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FDA-Approved Drugs Are Not Always Effective: The Benefits Of Alternative Medicine


On Saturday, while thousands of Boston Bruins fans gathered at Government Center to celebrate the team’s recent Stanley Cup victory, a hundred or so true die-hards met a few blocks away at a Massachusetts General Hospital conference to talk about complementary and alternative medicine for psychiatric disorders. While I hated to miss the Bruins parade, I’m glad I attended the MGH conference.

I’ve always been a bit of a skeptic about so-called natural therapies for one simple reason: they don’t have to go through the same rigorous testing in clinical trials that medications do. At the same time, I realize that FDA-approved drugs don’t work for everyone. One in three adults with major depression, for example, can’t completely improve their mood and other symptoms even after trying multiple antidepressants.

Clearly, we need better options for treating mental health disorders. The MGH conference convinced me that some types of complementary and alternative medicine—or CAM, for short—might be worth trying. The presenters, all psychiatrists who treat patients at MGH, backed up their recommendations with scientific evidence. Several of them also contributed to the American Psychiatric Association’s recent report on CAM therapies.

We’ll be doing a story on CAM therapies for psychiatric disorders in an upcoming issue of the Harvard Mental Health Letter. For now, here are some things I learned on Saturday: Read more »

*This blog post was originally published at Harvard Health Blog*

Psychiatric Diagnosis And The DSM-5 Controversy

I’ve followed in bits and pieces — sometimes for Shrink Rap, sometimes because the issues fill my email inbox, sometimes because there’s no escape. Oh, and lots of the players have familiar names.

In the December 27th issue of Wired magazine, Gary Greenberg writes a comprehensive article on the debates around the revision of the American Psychiatric Association’s (APA) upcoming revision of the Diagnostic and Statistical Manual (DSM) entitled “Inside the Battle to Define Mental Illness.” Do read it. Here’s an excerpt:

I recently asked a former president of the APA how he used the DSM in his daily work. He told me his secretary had just asked him for a diagnosis on a patient he’d been seeing for a couple of months so that she could bill the insurance company. “I hadn’t really formulated it,” he told me. He consulted the DSM-IV and concluded that the patient had obsessive-compulsive disorder.

“Did it change the way you treated her?” I asked, noting that he’d worked with her for quite a while without naming what she had.


“So what would you say was the value of the diagnosis?”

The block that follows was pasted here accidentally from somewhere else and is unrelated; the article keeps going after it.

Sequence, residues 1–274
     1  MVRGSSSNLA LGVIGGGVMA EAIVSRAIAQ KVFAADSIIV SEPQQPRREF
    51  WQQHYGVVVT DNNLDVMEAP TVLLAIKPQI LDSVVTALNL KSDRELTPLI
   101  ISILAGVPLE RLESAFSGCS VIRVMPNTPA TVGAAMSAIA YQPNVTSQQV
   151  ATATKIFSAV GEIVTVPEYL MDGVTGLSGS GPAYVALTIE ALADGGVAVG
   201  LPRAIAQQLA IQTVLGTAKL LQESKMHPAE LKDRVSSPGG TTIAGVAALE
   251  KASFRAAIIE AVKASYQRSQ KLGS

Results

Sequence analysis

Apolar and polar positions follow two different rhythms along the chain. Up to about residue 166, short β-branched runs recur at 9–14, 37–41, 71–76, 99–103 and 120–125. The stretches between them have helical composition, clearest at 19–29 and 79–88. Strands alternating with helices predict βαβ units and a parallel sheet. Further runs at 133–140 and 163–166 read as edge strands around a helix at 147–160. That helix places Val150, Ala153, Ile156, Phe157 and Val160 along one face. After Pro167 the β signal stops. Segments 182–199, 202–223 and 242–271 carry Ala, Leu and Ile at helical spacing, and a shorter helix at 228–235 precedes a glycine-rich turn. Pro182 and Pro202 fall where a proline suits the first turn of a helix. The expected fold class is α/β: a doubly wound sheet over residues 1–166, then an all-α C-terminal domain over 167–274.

“I got paid.” Read more »

*This blog post was originally published at Shrink Rap*

Prison Overcrowding: Does It Affect Mental Health?

In California, the U.S. district court has ordered that tens of thousands of prisoners be released to reduce overcrowding. The case, Schwarzenegger v. Plata, was argued this past Tuesday and the transcript is online.

This is relevant to a psychiatry blog because one of the arguments used in support of the releases is the contention that overcrowded facilities reduce access to mental health and medical services and that overcrowding causes mental deterioration and breakdown. The APA filed an amicus brief in the case, but the brief isn’t available online yet. (Keep an eye out for it here.)

The challenge with this case is that there is no (or extremely little) actual research to support the link between overcrowding and psychological problems. Correctional systems have spent a lot of time litigating issues — and experts make a fair amount of money working on these cases — without actual data. Read more »

*This blog post was originally published at Shrink Rap*

Single-Session Psychotherapy: The Cab Driver Story

Here’s a story that came out of the American Psychological Association (APA) conference:

I was in a cab going to dinner. The cab driver found out I was a psychiatrist so he told me about his life-changing experience with therapy.

At one time he was having an incredible problem with his life. He was using cocaine, couldn’t keep a job, and his relationships were going down the tubes. Therapy helped him quit cocaine and change all that. (Which was good, since he was the driver of my cab. I really wanted him not to be high or in distress.) This kind of turn-around story isn’t unusual for me — parolees will often come back and tell me about things they’ve done in free society that they’re proud of. The unusual part of this story is the fact that he made all of these changes after a single one-hour session. Read more »

*This blog post was originally published at Shrink Rap*

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